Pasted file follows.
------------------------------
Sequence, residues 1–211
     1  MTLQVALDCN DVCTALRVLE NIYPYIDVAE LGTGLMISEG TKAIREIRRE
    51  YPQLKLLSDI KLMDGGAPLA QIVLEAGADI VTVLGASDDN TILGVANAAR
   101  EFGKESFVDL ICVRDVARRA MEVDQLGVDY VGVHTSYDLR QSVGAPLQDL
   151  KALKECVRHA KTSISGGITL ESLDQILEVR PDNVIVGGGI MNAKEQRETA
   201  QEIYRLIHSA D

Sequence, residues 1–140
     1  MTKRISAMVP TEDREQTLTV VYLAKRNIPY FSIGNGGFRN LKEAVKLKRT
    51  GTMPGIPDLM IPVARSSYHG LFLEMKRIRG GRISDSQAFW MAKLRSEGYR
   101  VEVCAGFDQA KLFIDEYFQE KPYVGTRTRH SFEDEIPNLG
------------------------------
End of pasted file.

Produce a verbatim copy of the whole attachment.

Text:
Sequence, residues 1–211
     1  MTLQVALDCN DVCTALRVLE NIYPYIDVAE LGTGLMISEG TKAIREIRRE
    51  YPQLKLLSDI KLMDGGAPLA QIVLEAGADI VTVLGASDDN TILGVANAAR
   101  EFGKESFVDL ICVRDVARRA MEVDQLGVDY VGVHTSYDLR QSVGAPLQDL
   151  KALKECVRHA KTSISGGITL ESLDQILEVR PDNVIVGGGI MNAKEQRETA
   201  QEIYRLIHSA D

Sequence, residues 1–140
     1  MTKRISAMVP TEDREQTLTV VYLAKRNIPY FSIGNGGFRN LKEAVKLKRT
    51  GTMPGIPDLM IPVARSSYHG LFLEMKRIRG GRISDSQAFW MAKLRSEGYR
   101  VEVCAGFDQA KLFIDEYFQE KPYVGTRTRH SFEDEIPNLG